“I felt something at the back of my head and when I turned around, he ran away,” Vadnais said on Wednesday. “I saw my hair and the elastic on the ground.

A Calgary family is hoping to inspire cultural awareness after a troubling incident involving their 11-year-old son.

Rafe Vadnais is a Grade 6 student at a Calgary middle school. The Indigenous boy said part of his braid was cut off by another student after the dismissal bell rang on Monday afternoon.

It was the very first day Vadnais felt confident enough to go to class wearing the braid.

“I was worried about my braid, that someone wasn’t going to like it, but I went to school anyway,” Vadnais said. “My braid, I have a feeling it’s giving me strength, and I feel good about it.”

Vadnais’ mother, Shantel Tallow, said she and her son bonded over the braiding experience and felt this was a symbol of her son’s culture, reflecting wisdom and his identity.

Tallow said she was enraged when she discovered someone had cut off a part of his braid.

“For someone to do that, they must have had their eye on him,” Tallow added. “I thought about hunting the child down and scolding him and getting his parents involved, but what am I going to do with just one family?”

She doesn’t want to blame the school or the student, but said she would rather engage in a wider conversation about acceptance and celebration of diversity.

“We shouldn’t have to explain our culture, we all have culture. We’re not just skin tones. We are someone with a heart and a mind,” Tallow said.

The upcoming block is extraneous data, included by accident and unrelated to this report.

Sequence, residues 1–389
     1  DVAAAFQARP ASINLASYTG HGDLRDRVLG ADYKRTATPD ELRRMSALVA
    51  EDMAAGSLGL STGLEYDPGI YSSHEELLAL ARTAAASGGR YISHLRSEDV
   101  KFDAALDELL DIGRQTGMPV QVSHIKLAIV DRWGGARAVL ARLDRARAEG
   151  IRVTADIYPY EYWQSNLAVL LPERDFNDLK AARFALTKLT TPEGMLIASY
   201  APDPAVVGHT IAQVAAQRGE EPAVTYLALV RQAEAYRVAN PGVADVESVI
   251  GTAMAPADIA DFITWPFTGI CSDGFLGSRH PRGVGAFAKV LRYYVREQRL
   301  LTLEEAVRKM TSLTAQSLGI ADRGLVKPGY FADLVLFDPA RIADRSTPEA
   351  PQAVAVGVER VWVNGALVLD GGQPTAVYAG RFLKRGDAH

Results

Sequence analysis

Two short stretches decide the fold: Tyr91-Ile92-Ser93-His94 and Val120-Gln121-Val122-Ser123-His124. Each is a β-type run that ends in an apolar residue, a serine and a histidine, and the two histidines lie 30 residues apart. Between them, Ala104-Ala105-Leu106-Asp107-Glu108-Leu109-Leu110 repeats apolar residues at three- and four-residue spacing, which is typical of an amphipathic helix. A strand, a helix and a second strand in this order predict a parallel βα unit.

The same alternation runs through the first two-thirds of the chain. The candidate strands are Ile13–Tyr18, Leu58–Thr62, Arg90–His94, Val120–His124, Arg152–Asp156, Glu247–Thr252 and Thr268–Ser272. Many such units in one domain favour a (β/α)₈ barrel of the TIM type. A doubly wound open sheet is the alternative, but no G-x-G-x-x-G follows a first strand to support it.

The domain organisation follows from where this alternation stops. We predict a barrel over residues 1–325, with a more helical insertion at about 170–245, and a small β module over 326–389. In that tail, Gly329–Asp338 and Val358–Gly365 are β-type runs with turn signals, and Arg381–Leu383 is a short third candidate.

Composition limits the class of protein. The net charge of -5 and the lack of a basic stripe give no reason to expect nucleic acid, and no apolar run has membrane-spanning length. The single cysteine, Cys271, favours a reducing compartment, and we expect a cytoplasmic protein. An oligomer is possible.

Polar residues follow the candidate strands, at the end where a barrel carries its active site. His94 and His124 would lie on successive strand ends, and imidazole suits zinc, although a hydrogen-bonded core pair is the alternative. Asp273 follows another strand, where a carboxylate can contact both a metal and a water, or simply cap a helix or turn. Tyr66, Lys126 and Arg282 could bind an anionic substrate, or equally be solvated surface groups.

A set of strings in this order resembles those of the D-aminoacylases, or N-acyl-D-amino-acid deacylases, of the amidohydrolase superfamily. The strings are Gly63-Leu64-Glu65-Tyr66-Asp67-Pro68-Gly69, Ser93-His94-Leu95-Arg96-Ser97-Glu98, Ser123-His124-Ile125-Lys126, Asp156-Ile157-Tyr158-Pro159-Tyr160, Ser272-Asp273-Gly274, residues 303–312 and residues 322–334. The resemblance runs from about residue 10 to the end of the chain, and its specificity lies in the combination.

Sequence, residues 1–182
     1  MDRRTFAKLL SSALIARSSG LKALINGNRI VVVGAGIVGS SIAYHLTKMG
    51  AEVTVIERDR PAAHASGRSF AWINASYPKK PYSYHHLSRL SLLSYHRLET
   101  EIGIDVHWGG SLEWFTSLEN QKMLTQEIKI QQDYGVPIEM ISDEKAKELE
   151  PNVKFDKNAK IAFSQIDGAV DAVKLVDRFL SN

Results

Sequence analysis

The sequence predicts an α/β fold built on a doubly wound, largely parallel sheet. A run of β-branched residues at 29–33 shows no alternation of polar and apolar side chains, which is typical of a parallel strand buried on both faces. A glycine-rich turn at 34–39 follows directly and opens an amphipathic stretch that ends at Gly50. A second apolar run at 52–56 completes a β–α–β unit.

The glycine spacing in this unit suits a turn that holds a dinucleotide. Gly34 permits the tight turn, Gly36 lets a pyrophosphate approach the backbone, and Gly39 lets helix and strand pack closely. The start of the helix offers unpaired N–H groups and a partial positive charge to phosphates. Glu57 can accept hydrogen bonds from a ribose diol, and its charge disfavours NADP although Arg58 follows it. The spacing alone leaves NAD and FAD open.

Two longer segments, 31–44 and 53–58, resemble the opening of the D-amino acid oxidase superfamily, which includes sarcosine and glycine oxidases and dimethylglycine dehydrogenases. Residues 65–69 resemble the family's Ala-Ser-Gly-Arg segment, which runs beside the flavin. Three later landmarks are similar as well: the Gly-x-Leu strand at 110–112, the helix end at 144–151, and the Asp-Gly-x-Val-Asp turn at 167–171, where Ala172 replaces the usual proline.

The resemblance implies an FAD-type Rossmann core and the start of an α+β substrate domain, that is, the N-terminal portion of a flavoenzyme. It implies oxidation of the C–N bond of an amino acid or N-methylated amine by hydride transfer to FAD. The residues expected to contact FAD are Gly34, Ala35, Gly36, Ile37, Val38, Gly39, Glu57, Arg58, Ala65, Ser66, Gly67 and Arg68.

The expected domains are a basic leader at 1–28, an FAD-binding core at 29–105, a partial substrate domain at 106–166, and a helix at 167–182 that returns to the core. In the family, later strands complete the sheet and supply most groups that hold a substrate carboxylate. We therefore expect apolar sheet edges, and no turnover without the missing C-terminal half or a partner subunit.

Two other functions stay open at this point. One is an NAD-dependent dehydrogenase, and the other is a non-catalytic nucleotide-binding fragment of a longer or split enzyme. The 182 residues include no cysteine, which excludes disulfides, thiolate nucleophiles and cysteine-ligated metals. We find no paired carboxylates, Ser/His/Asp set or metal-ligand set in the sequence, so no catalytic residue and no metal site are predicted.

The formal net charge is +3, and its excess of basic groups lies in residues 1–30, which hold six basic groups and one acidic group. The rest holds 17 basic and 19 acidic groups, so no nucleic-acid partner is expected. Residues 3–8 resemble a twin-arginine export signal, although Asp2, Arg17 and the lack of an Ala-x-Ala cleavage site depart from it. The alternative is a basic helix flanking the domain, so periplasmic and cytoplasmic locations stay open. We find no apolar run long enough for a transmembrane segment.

A spokesperson with the Calgary Board of Education (CBE) said the school in question is aware of the incident and is responding appropriately.

“We are unable to offer comment on incidents involving specific students, however, the CBE believes in creating inclusive learning environments where all students feel included, safe, valued and supported in their learning,” reads a statement sent to Global News by CBE spokesperson Megan Geyer. “Honouring the diversity of students and communities is very important to us, and so we are disappointed when a situation occurs that results in a student feeling unsafe or unvalued.

“Every situation is different and requires an appropriate response. Schools work to support the students impacted, educate the school community and ensure that those responsible are held to account.”

Vadnais said he will continue to grow out his hair and continue wearing his braid.

Responses to "Indigenous family devastated after son’s braid cut by schoolmate in Canada"

  1. Unknown says:

    how is this not a hate crime?

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